Hamas, meanwhile, is also witnessing a power struggle between its leaders in the Gaza Strip and those sitting in Syria, especially in regard to the reconciliation pact with Fatah and the fate of Israeli soldier Gilad Schalit, who has been held by Hamas for five years.
Two weeks ago, Palestinians were shocked when they learned that militiamen belonging to Ahmed Jibril’s Popular Front-General Command opened fire at a demonstration in a refugee camp in Syria, killing 14 people and wounding many others. more via hudson-ny.org
From an email from DG:
1) War with Hamas
Barry Rubin writes about why there will be a war between Israel and Hamas.
And so, Hamas knows that it now has an ally, rather than an enemy, at its back. Moreover, there is no incentive in Egypt–or among its nationalist and Islamist-sympathetic officers–to block arms smuggling into the Gaza Strip. As a result, Hamas is stronger and more confident, and hence arrogant and reckless. It is better able to launch rockets, mortars, and cross-border attacks, and far more eager to do so. Hamas is also able to get longer-range missiles and other new types of weapons.
As for U.S. policy, while supporting some sanctions on Hamas and refusing to deal directly with the group, the U.S. government has not supported overthrowing the Gaza regime, though any serious assessment of U.S. interests show this should be a priority. A policy to destroy Hamas should be part of the war against Iranian hegemony in the region, revolutionary Islamism, terrorism, and instability. Even more, doing so would aid the moribund Israel-Palestinian peace process and keep the Palestinian Authority in power.
But there is no appreciation for these points in Washington. When it comes to fighting revolutionary Islamism, U.S. policy sees the Middle East as a no-try zone.
I would add that the Bush administration deserves some blame for this state of affairs.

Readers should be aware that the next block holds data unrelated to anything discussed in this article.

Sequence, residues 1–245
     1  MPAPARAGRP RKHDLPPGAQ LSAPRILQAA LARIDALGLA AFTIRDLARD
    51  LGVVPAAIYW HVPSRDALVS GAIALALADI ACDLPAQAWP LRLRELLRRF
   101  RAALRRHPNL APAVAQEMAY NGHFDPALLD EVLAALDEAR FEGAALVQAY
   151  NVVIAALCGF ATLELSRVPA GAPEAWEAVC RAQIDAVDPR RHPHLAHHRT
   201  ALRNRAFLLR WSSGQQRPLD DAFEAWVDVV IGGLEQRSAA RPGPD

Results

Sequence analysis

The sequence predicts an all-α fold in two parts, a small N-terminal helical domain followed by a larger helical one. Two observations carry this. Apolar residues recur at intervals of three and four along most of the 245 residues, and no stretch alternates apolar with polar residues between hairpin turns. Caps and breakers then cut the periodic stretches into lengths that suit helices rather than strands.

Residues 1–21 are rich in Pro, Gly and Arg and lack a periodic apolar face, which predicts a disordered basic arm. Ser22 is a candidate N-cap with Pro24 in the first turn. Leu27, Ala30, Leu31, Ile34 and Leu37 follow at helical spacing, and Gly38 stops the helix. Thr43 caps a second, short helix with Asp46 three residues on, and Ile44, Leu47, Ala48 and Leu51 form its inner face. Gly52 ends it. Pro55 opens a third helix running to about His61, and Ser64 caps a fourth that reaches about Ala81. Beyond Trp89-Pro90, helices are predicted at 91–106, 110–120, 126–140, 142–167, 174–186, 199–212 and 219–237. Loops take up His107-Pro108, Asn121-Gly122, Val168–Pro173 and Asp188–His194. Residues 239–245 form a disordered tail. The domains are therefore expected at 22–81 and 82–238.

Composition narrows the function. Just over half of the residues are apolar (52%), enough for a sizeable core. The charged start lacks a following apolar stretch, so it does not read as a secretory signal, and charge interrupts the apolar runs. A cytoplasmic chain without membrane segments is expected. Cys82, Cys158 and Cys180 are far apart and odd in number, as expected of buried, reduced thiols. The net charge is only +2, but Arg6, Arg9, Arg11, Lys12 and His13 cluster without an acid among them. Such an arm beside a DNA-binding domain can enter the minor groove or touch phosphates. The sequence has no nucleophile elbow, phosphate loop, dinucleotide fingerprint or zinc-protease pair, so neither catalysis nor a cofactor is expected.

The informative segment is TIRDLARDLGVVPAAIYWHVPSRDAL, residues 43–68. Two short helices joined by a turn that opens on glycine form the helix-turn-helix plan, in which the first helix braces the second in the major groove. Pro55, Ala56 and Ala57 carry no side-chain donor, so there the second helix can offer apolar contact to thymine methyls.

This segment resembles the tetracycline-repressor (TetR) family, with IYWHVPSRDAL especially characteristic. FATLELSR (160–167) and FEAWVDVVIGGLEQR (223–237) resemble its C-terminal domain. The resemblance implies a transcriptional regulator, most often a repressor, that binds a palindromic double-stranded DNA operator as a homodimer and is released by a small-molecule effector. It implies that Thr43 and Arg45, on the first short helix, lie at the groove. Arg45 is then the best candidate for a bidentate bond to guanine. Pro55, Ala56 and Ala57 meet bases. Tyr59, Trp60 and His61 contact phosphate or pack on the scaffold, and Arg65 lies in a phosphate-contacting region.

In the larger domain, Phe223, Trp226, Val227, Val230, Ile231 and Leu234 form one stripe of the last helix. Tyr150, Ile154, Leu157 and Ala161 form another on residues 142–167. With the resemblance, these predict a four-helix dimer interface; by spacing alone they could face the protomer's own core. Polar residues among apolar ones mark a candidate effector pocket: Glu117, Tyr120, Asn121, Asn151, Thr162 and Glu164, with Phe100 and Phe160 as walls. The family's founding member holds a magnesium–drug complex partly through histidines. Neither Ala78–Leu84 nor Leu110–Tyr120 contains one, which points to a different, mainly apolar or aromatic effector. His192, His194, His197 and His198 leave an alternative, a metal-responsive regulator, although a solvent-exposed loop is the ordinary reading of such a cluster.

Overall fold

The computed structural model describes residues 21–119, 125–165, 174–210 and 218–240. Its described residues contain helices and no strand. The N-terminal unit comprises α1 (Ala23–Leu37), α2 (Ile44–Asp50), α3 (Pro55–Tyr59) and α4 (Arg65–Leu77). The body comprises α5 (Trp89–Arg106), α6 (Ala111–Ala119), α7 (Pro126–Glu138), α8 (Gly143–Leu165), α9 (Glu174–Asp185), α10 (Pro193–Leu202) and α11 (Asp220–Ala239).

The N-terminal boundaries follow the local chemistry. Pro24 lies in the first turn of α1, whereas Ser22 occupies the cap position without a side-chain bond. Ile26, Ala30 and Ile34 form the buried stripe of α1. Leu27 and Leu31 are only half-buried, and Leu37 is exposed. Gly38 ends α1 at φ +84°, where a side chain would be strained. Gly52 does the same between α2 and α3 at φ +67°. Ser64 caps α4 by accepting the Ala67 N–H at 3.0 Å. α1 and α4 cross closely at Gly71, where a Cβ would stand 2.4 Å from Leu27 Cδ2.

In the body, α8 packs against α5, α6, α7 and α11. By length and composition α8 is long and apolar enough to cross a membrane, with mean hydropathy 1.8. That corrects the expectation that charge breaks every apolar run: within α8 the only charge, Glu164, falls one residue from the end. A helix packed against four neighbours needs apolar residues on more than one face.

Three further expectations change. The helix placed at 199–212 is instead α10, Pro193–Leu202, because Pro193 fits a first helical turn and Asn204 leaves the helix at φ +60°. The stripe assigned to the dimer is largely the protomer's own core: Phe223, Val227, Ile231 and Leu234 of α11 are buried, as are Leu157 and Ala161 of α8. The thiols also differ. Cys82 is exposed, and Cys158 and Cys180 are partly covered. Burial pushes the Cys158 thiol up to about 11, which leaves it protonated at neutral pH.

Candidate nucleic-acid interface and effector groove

Back in 2005 Dore Gold wrote about America’s Hamas Dilemma: Spreading Democracy or Combating Terrorism?
Originally, the realpolitik thinking underpinning the Bush administration’s support for democratization of the Middle East was based on the assumption that democracies are inherently peaceful and will not encourage extremist political systems that might host terrorist groups. Non-democratic regimes need to produce an external enemy as a control mechanism over their populations. What happens if democracy empowers a political movement like Hamas, whose core ideology is based on belligerency, regardless of whether it needs a control mechanism or not?
Westerners engaging in a dialogue with Hamas have also been speaking with the Muslim Brotherhood, the original Egyptian fundamentalist organization, founded in 1928, from which Hamas grew as its Palestinian branch. The Muslim Brotherhood in Egypt has the status of being “illegal but officially tolerated.” Some have observed that voter participation increased in the 2005 Egyptian presidential elections because the Muslim Brotherhood called on voters to go to the polls. Organizations like the International Crisis Group have already recommended that the Muslim Brotherhood be decriminalized and permitted to take a more active role in Egyptian politics. In the Middle East, however, both intellectuals and officials, like Egyptian President Husni Mubarak, have warned against legitimizing the Muslim Brotherhood. A former Kuwaiti education minister reminded his readers in Al-Sharq Al-Awsat in July 2005 that all of al-Qaeda’s terrorism started from the ideology of the Muslim Brotherhood.
This was at a time when the administration was openly arguing against the Sharon government to allow Hamas to participate in the upcoming Palestinian elections. Just prior to the election, a Washington Post editorial lauded the openness that Hamas’s electoral participation heralded.